February Fishing Report
February is the last month of winter here in Sarasota. There will be days when it feels like spring is in the air. But, weather patterns will still be unstable, and fishing will follow suit. Being flexible and understanding how weather affects fish behavior will be the key to angling success this month. On many mornings the tide will be very low, especially with a hard northeast wind following a cold front. Under these conditions, fishing the afternoon high tide is often a better choice. Also avoid the areas near the passes after a blow, the cold and dirty water is not conducive to success.
One species that anglers can count on most every trip in February is sheepshead. They bite better in cold, dirty water than most other species do. Also, redfish, black drum, and flounder will be caught on the same structure and using the same techniques that are effective for sheepies. Basically, any structure will attract sheepshead. From the rocks at the west end to the Siesta Drive Bridge on the east side, the north end of Siesta Key is a great area to fish. Deep water, docks, rocks, seawalls, and rip-rap will attract and hold fish. All of the bridges and docks in both Big Pass and New Pass may hold fish, as well as the docks and oyster bars south to Albee Rd.
The preferred rig is a #1 live bait hook with a 24” piece of 20 lb leader and just enough weight to hold bottom. Live and frozen shrimp, fiddler crabs, sand fleas, and oyster worms are the top baits. Shrimp are the easiest bait to obtain and work great. Sheepshead bite very lightly. Usually, it starts with several light “taps”. It is important not to move the bait at all, the fish will sense that something is wrong. Instead, wait for a steady pull, then reel fast and raise the rod tip sharply.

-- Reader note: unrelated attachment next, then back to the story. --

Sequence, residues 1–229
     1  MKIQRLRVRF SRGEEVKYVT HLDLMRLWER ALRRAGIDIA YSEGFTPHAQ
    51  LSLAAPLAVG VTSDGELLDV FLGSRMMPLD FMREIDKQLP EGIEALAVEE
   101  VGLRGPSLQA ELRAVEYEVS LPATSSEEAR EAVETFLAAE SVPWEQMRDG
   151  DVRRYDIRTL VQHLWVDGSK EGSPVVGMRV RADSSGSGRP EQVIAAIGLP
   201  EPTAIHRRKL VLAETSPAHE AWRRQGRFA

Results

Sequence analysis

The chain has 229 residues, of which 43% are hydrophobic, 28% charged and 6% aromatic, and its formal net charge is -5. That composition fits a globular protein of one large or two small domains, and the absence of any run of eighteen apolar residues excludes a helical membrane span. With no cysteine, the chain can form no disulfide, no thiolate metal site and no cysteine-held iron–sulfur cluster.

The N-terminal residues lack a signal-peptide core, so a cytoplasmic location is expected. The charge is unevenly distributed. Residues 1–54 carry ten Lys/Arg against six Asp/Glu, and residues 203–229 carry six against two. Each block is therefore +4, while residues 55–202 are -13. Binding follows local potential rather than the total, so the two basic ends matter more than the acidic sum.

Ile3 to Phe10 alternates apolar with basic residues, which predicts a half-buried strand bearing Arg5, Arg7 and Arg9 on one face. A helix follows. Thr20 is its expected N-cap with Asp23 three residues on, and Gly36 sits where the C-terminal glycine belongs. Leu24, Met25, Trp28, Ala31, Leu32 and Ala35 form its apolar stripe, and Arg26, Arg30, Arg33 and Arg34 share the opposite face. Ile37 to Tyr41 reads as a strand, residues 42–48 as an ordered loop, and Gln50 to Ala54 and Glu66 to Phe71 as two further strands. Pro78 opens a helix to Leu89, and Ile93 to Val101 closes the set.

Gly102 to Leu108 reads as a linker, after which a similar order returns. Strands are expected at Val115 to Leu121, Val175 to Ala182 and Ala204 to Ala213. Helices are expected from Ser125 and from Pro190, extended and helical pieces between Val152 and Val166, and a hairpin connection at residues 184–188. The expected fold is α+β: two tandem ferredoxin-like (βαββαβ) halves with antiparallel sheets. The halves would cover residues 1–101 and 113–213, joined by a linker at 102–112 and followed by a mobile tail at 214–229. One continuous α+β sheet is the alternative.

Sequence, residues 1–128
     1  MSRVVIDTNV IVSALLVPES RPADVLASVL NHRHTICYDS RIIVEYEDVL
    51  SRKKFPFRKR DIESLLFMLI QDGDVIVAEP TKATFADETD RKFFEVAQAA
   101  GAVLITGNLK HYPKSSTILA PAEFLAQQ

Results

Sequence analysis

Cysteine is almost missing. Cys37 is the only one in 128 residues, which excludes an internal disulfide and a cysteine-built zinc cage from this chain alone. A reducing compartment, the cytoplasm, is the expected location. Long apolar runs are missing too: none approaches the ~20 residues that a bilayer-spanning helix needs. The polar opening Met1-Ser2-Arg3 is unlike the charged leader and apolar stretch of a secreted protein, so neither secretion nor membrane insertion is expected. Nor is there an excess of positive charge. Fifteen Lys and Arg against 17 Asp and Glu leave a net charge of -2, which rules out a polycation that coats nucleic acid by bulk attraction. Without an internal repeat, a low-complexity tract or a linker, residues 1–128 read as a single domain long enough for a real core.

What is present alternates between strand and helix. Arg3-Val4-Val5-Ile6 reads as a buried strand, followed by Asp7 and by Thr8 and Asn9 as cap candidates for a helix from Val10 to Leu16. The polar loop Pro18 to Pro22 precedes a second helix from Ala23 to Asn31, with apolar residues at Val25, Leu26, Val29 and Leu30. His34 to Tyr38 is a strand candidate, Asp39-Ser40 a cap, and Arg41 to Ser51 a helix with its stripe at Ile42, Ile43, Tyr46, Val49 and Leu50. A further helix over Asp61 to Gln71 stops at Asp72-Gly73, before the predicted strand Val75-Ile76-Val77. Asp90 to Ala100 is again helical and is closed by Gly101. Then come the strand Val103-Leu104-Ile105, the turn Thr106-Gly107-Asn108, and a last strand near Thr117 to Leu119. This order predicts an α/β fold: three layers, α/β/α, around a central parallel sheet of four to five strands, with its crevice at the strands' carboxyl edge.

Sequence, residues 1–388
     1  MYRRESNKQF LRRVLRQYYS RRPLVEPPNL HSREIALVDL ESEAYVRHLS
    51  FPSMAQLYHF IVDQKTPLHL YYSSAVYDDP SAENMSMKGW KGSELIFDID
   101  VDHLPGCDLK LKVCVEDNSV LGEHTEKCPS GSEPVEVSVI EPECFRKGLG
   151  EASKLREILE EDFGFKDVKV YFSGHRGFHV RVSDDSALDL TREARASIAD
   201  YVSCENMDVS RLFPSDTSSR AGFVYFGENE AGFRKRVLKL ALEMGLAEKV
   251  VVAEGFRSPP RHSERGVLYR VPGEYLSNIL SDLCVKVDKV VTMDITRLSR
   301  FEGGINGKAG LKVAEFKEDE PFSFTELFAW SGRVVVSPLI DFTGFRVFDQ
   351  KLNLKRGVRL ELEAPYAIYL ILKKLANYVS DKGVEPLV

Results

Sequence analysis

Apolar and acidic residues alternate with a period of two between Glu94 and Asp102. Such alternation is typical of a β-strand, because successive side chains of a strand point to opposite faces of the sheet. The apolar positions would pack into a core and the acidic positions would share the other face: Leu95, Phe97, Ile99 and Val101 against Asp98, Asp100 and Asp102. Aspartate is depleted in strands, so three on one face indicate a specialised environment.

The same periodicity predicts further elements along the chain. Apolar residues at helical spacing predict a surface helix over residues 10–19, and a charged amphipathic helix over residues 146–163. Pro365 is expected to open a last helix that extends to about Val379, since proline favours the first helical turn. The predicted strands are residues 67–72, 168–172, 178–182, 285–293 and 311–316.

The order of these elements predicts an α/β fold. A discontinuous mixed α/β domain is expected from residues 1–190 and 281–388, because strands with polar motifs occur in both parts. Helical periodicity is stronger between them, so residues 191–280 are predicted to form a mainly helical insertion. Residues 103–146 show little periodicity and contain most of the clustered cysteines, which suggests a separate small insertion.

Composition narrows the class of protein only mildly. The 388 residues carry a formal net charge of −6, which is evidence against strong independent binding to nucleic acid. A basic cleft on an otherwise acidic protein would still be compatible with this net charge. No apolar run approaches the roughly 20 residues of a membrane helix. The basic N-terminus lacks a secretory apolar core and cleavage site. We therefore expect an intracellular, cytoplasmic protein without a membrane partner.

Casting jigs while drifting with the tide in the passes will be productive when the water is clear. A ¼ oz Cotee jig head with a gold grub tail is a very effective bait. Pompano, bluefish, ladyfish, and maybe an early-arriving Spanish mackerel will be the primary catches. Try the shallow bars and the deeper channels, keep moving until the fish are located, then concentrate drifts on that area.
The deeper grass flats all throughout the area will be productive for speckled trout this month. Incoming tides a couple hours before high tide are usually the best times to fish. Again, avoid the areas around the passes when dirty water is present. The area further south, from CB’s Saltwater Outfitters at Stickney Pt. to Marker #19 in Nokomis, stays protected, resulting in reliable February fishing. Cotee jigs, Rapala suspending plugs, gold spoons, and live shrimp under a popping cork are all effective baits. Pompano, jack crevelle, ladyfish, and bluefish all feed over the deep grass.
Snook will be found in creeks and residential canals, along with redfish, drum, flounder, sheepshead, and jacks. Rapala X-Raps, scented soft plastics, and live shrimp will all produce fished near structure in creeks and canals. A slow presentation will be more productive in the cooler water.
Extreme low tides offer opportunities for anglers who enjoy sight fishing for redfish. The area on the east side, north of Long Bar is very shallow with many small potholes, resulting in idea conditions to find tailing reds. The flats off of the Ringling Mansion and Buttonwood Harbor are also good spots to fish. Scented soft plastic baits, weedless gold spoons, and live shrimp are the preferred baits.